The Hamilton Spectator - - Local -

Call it a pic­ture-per­fect ex­cuse for an elec­tion de­bate over road safety.

Ward 14 coun­cil can­di­date Terry White­head, who is also the Ward 8 in­cum­bent, threw oil on an fiery Twit­ter de­bate over road safety by post­ing pho­tos of a Queen Street traf­fic jam Tues­day.

The pho­tos ap­peared to be taken from the driver’s side in­te­rior of a ve­hi­cle in a live lane of traf­fic. That spurred on­line ques­tions about whether the Hamil­ton po­lice board mem­ber broke the prov­ince’s dis­tracted driv­ing laws.

No way, said White­head on­line and in an in­ter­view. “I had parked the car. I ac­tu­ally got out to see what was go­ing on, as oth­ers did,” he said. “There’s noth­ing il­le­gal about that.”

Some Twit­ter users ar­gued oth­er­wise, post­ing snip­pets of the pro­vin­cial Min­istry of Trans­porta­tion ex­plainer page on dis­tracted driv­ing. It states you can only use a phone or hand-held de­vice in your ve­hi­cle to call 9-1-1, if you are “law­fully parked” or safely off the road­way. (Putting your car ‘in park’ at a red light, for ex­am­ple, doesn’t cut it.)

A few on­line crit­ics even tagged Hamil­ton po­lice in their Twit­ter posts. But no one had for­mally com­plained to po­lice about the pho­tos as of the next day, a spokesper­son said.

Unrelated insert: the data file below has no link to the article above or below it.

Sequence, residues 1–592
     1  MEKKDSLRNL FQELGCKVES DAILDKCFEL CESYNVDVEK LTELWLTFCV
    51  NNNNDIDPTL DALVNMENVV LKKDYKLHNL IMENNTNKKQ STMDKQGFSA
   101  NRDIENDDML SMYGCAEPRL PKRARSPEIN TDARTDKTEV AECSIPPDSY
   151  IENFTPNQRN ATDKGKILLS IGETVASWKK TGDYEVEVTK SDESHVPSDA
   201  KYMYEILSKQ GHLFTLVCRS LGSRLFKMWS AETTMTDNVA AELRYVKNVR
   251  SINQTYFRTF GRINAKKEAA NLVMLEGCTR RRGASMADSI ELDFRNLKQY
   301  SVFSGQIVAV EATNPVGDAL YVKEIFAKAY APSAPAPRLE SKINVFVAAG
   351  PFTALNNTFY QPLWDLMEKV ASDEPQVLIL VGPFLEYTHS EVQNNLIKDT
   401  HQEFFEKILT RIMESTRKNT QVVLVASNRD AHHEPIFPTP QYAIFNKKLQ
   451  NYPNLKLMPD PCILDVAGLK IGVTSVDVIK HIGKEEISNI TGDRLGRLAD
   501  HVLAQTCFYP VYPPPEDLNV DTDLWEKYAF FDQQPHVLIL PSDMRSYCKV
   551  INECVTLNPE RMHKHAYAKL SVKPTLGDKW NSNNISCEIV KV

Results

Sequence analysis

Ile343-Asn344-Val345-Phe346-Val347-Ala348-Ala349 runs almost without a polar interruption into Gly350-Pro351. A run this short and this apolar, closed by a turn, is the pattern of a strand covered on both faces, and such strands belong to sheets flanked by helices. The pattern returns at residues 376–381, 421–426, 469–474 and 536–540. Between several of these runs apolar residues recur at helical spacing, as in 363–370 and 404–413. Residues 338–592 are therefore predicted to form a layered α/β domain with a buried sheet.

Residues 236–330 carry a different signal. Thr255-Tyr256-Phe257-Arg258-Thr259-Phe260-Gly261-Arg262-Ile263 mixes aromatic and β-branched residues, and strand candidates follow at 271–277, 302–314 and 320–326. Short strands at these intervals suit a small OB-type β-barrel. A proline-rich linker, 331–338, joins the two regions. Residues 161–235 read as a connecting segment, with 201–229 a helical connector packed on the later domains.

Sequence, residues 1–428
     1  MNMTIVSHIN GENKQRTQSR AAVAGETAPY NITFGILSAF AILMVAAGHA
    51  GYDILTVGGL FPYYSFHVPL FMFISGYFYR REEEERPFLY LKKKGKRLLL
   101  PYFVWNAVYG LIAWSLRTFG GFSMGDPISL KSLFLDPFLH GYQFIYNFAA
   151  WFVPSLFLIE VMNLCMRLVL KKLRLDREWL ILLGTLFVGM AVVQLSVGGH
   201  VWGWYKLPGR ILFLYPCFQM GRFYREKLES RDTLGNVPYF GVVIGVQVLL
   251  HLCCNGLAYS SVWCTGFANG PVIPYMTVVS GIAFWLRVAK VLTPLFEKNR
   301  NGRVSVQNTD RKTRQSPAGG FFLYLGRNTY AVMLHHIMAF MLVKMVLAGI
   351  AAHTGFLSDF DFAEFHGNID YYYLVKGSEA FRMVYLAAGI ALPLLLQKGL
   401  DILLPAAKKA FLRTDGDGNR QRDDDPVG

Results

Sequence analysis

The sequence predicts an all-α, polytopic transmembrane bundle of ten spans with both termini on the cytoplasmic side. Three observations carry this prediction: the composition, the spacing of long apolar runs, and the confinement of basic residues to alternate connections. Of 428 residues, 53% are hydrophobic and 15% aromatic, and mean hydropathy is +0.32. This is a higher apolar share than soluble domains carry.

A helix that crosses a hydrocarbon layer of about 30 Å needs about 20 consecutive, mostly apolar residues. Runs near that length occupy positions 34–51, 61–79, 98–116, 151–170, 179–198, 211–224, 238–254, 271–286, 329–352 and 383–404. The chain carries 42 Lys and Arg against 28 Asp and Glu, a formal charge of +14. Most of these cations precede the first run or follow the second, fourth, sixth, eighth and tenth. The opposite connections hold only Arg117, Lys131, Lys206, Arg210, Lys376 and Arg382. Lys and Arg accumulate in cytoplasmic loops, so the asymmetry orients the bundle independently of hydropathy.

White­head dis­missed the al­le­ga­tions as “silly” and driven by down­town “ur­ban­ists” on Twit­ter.

But at least one Moun­tain-dwelling elec­tion op­po­nent picked up on the photo de­bate. “Let’s make sure he isn’t the one mak­ing the safety de­ci­sions come Oc­to­ber 22,” tweeted Bryan Wil­son, a Ward 14 coun­cil con­tender who called the pho­tos a “clear vi­o­la­tion” of the prov­ince’s road safety laws.

White­head said he tweeted to show the frus­tra­tions reg­u­larly faced by com­muters and Moun­tain brow res­i­dents, some of whom be­come “trapped” in their driveways when ac­cesses turn into “park­ing lots.”

A stalled bus ap­peared to be at least par­tially to blame for Tues­day’s traf­fic jam.

But the coun­cil­lor ar­gued sim­i­lar snarls have be­come in­creas­ingly com­mon since lower city street de­sign de­ci­sions like the ad­di­tion of down­hill bike lanes on Herkimer and Charl­ton.

Some help­ful Twit­ter users posted Google map al­ter­nate routes they felt would have al­lowed mo­torists to avoid the Queen Street jam. Oth­ers sug­gested a slower com­mute is a small price to pay for lower city road di­ets meant to pro­tect vul­ner­a­ble street users like pedes­tri­ans and cy­clists.

The Moun­tain coun­cil­lor has a his­tory of colour­ful de­bate on Twit­ter – par­tic­u­larly over road de­sign and LRT. At one point he erased seven years of tweets in 2016 and – briefly – vowed to stop ar­gu­ing on­line.

Ex­pect this type of de­bate to ramp up dur­ing and af­ter the 2018 city elec­tion.


Coun. Terry White­head tweeted this pho­to­graph to show traf­fic con­ges­tion in the lower city.

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